(3) A Bhikkhuni shall look to the Order of Monks to be advised of the new and full moon days and the coming of a monk to preach the sermon.

(4) At the end of the rainy season retreat, a Bhikkhuni shall invite criticism in the presence of the assemblies of monks and nuns regarding offenses seen, heard, and suspected.

“(5) A Bhikkhuni guilty of serious offense shall go on probation for a year. (6) When a Bhikkhuni has spent two years in the practice of the precepts, she shall ask for full ordination.

(7) A Bhikkhuni shall neither rebuke nor scold a monk on any pretext. (8) Nuns may not reprove monks, but monks may reprove nuns.

“These rules are to be honoured, respected, revered, and worshipped, and are not to be transgressed as long as life shall last. If. Ananda, Prajapati Gautami will accept these eight strict rules, let that be reckoned to her as full ordination.”

Ananda went out at once to Prajapati and repeated to her the eight strict rules which he had received from the Buddha.

A murmur of joy arose from the company of women who had accompanied Lady Prajapati from Kapilavastu; and all gladly accepted the eight rules for nuns.

Many of the women, including Prajapati and Yasodhara, quickly attained Nirvana, just as Kisa Gautami had done even while still a lay woman. True happiness was theirs at last - happiness which time could not destroy nor gods or devils take away.

Then Ananda returned to the Perfect One, bowed respectfully, and said: “Prajapati Gautami has accepted the eight strict rules. The sister of the mother of the Perfect One has become ordained.”

“If, Ananda,” the Buddha replied, “women had not been allowed to go forth from the household life to the homeless one under the Dharma and discipline proclaimed by the Tathagata, the religious life would have lasted a long time, the good life would have lasted a thousand years. But as women have now gone forth, Ananda, the religious life will not last long, the good life will last only five hundred years.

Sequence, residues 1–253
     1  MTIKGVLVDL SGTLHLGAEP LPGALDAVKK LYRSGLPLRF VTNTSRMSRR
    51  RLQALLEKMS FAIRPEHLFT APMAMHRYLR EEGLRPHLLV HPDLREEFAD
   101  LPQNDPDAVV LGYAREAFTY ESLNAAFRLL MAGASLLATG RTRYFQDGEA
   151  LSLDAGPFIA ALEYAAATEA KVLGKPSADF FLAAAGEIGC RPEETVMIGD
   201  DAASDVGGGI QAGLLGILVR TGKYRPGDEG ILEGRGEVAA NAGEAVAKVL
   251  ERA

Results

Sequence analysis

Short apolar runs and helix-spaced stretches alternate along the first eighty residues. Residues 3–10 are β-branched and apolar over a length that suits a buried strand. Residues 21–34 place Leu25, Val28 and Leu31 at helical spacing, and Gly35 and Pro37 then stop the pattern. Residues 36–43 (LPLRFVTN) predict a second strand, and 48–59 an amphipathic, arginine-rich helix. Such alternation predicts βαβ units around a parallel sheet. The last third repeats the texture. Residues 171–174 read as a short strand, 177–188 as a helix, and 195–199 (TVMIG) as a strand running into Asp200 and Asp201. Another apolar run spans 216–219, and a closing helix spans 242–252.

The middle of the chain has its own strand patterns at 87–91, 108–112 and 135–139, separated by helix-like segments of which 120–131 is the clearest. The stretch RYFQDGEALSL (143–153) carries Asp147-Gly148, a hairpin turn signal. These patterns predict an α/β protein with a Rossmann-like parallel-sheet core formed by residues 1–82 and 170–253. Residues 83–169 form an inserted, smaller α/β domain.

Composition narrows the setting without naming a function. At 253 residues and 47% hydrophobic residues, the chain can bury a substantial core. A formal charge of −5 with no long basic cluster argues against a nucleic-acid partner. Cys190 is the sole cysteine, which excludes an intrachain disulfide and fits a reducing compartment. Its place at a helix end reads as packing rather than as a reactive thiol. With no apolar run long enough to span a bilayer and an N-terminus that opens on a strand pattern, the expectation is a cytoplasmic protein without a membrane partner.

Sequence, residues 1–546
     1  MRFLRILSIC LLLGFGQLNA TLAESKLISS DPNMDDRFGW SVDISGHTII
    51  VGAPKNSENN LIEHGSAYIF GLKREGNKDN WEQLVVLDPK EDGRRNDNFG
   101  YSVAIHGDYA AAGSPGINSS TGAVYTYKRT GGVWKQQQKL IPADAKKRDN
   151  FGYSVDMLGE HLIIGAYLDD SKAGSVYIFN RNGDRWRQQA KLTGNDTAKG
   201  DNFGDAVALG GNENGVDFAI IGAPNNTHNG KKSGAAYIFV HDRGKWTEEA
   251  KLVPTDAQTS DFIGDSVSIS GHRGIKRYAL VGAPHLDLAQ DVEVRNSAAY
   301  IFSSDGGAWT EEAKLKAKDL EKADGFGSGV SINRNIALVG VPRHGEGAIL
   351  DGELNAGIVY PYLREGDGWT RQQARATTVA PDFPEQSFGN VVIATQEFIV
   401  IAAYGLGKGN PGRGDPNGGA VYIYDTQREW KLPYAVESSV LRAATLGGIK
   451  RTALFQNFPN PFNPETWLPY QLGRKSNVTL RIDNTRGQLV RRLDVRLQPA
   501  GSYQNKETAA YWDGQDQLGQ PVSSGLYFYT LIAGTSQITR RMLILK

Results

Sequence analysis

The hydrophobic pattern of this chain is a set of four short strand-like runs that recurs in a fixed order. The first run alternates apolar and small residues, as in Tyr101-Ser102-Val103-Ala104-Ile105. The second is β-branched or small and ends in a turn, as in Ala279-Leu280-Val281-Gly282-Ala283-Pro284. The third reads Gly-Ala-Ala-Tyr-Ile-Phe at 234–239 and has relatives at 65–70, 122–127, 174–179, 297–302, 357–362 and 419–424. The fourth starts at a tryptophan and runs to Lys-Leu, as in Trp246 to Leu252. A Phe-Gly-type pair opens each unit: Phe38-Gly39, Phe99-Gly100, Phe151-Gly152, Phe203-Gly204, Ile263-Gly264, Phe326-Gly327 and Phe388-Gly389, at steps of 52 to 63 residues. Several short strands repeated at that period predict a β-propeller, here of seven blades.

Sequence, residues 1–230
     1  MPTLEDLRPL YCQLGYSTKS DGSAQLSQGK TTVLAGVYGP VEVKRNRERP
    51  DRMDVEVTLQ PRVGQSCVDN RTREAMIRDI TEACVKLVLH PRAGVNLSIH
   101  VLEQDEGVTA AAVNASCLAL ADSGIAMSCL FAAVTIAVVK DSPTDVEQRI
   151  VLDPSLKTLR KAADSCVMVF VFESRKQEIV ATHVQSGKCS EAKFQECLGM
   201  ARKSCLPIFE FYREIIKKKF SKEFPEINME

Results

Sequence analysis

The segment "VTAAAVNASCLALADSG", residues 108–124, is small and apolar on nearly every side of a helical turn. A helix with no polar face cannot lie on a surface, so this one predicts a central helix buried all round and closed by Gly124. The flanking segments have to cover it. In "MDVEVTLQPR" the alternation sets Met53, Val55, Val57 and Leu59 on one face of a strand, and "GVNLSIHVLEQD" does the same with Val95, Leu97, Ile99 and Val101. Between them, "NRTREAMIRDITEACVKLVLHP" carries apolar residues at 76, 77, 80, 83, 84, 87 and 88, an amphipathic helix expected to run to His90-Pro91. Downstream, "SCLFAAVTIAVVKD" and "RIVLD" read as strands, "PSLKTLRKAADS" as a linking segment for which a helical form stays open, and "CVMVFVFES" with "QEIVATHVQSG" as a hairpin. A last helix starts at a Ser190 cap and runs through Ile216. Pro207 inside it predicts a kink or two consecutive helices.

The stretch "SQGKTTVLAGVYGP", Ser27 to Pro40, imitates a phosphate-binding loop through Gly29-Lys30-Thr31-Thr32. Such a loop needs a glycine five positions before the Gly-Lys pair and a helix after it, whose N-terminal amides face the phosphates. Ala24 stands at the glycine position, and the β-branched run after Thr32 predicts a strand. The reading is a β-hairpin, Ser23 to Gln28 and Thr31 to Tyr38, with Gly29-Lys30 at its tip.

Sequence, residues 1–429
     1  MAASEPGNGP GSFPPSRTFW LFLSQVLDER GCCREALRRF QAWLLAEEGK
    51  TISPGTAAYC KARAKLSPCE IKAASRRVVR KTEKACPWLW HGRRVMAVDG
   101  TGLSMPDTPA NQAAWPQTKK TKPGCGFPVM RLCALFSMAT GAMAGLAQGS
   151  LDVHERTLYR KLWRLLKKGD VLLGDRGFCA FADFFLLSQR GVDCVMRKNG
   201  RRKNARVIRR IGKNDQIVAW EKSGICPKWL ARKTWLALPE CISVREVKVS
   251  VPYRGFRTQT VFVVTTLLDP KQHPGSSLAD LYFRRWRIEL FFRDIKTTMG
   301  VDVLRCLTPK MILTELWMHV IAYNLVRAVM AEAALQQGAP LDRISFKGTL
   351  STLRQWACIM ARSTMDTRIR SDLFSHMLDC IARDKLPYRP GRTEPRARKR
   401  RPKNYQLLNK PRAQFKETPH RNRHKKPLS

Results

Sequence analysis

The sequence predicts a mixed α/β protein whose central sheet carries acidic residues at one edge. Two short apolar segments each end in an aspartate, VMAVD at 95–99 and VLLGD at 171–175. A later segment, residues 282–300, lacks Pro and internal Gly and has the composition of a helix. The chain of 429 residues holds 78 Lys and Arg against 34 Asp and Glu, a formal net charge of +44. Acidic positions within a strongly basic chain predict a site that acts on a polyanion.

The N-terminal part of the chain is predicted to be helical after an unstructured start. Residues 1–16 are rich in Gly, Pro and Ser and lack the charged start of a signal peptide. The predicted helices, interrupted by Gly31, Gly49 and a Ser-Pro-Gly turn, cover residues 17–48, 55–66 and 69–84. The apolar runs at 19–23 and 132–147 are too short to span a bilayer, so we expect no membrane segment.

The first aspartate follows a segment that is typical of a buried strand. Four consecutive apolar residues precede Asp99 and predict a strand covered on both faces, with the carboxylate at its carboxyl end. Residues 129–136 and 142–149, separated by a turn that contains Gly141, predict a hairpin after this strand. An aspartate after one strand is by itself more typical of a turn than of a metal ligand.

“Just as families in which there are many women and few men are easily molested by robbers and pot-thieves, even so in that congregation in which women have received ordination the religious life does not long endure.

When mildew blight afflicts a flourishing rice field, or red rust afflicts a flourishing cane field, neither field endures for long. So it is with the religious life in a Sangha which has admitted women.

“Just as a man, Ananda, might with foresight build a dike for a great reservoir to prevent the water from flowing out, so have I with foresight proclaimed these eight strict rules not to be transgressed as long as life shall last.”

And then, addressing the monks who had gathered around him, Shakyamuni said: “In Himalaya, king of mountain ranges, O monks, there are tracts of level country, delightful places frequented by both monkeys and human beings. In such places, monks, hunters set traps of pitch in the monkeys’ tracks to catch them.

“Now, those monkeys who are free from folly and greed, on seeing a pitch-trap. keep far away from it. But a foolish, greedy monkey is unable to resist the temptation.

What happens?

“First of all, that monkey handles the pitch with one paw. And his paw sticks fast. Then, thinking to set himself free, he grasps it with the other paw, but that also sticks fast. To free both paws he gets first one foot, and then the other, in the pitch. And to free both paws and both feet, he lays hold of them with his muzzle, and that sticks fast, too.

“So, monks, that monkey, thus caught in five ways, lies down and howls, a prey for the hunter who comes and roasts him for eating there and then.

“It is exactly the same way, monks, with one who roams in wrong pastures. Do not, therefore, roam out of bounds; for Mara seizes his chance, Mara seizes his opportunity. Now, what is a monk’s wrong pasture and range?

Verily, it is the five-stranded cord of sensual pleasure, namely, objects sensed by the eye, ear, nose, tongue and body - objects desirable, charming, bewitching, and pleasure-producing.

“Roam in pastures that are your own, O monks, keep to your ancestral range; for, so roaming, Mara gets no chance, no opportunity, to overcome a man. And what is a monk’s own pasture? It is the four Fundamentals of Attentiveness, namely, contemplation of body, feelings, mind, and thoughts, seeing all as they really are.

“A monk, for example, duly realizes that this body, doomed to decay and death, is composed of flesh and blood, bone and sinew, hair and nails, liver and lights - a vile skin-bag filled with urine and dung and various kinds of stench, nine-holed, and trickling here and there.

“And thus he abides, likewise reflecting on feelings, mind and ideas, seeing all in conformity with reality. That, O monks, is a monk’s own pasture, his own ancestral range.”

From The Buddha: His Life Retold by Robert Allen Mitchell.